Arguably a significant reason for the still-rather-high costs involved in buying and running hybrid and electric vehicles is the question of battery health and lifespan. This isn’t only about knowing how much juice is left in your Prius’ battery. How long does the battery have left to live before it has to be (very dearly) replaced, and how efficiently or effectively is it being used?

Ford, General Electric and the University of Michigan are working together on a sensor that they say can measure more parameters of a battery than existing technology can, due to its miniscule size that allows it to be located in less accessible areas of the battery. As such, the trio proclaim to bring out a more advanced battery management system that can predict battery behaviour more accurately and optimise usage for a longer lifespan. Something like your laptop’s power management.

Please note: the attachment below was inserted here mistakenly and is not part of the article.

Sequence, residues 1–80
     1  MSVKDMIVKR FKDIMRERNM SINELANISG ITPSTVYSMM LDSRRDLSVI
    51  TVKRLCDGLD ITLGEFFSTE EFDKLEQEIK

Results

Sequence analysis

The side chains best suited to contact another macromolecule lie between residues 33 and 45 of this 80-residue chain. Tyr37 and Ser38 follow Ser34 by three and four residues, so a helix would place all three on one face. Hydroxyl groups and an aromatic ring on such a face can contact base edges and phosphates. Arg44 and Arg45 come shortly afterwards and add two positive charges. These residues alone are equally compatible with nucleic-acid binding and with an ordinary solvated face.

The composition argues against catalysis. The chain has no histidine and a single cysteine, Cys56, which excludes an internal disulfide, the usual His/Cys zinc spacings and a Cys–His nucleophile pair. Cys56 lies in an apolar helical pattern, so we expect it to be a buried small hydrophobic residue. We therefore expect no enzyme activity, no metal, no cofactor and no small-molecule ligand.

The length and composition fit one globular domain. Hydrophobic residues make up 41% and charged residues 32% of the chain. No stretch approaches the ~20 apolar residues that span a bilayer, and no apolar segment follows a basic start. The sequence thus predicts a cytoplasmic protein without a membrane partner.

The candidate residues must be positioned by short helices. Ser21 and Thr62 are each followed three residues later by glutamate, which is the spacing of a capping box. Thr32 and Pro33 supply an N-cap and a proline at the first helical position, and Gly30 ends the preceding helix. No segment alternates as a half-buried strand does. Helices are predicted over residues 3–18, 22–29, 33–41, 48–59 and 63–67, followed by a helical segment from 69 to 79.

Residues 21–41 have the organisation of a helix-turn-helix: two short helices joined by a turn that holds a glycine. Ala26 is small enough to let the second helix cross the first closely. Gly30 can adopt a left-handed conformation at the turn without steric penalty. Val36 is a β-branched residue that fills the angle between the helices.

The workflow is as follows: GE is to develop the sensor, UMich will validate and verify their data and Ford will fit the sensor to one of their cars and conduct real-world testing.

The project, called ARPA-E, is a three-year, $3.1 million affair that aims to ultimately bring hybrid and electric vehicles closer to commercial viability.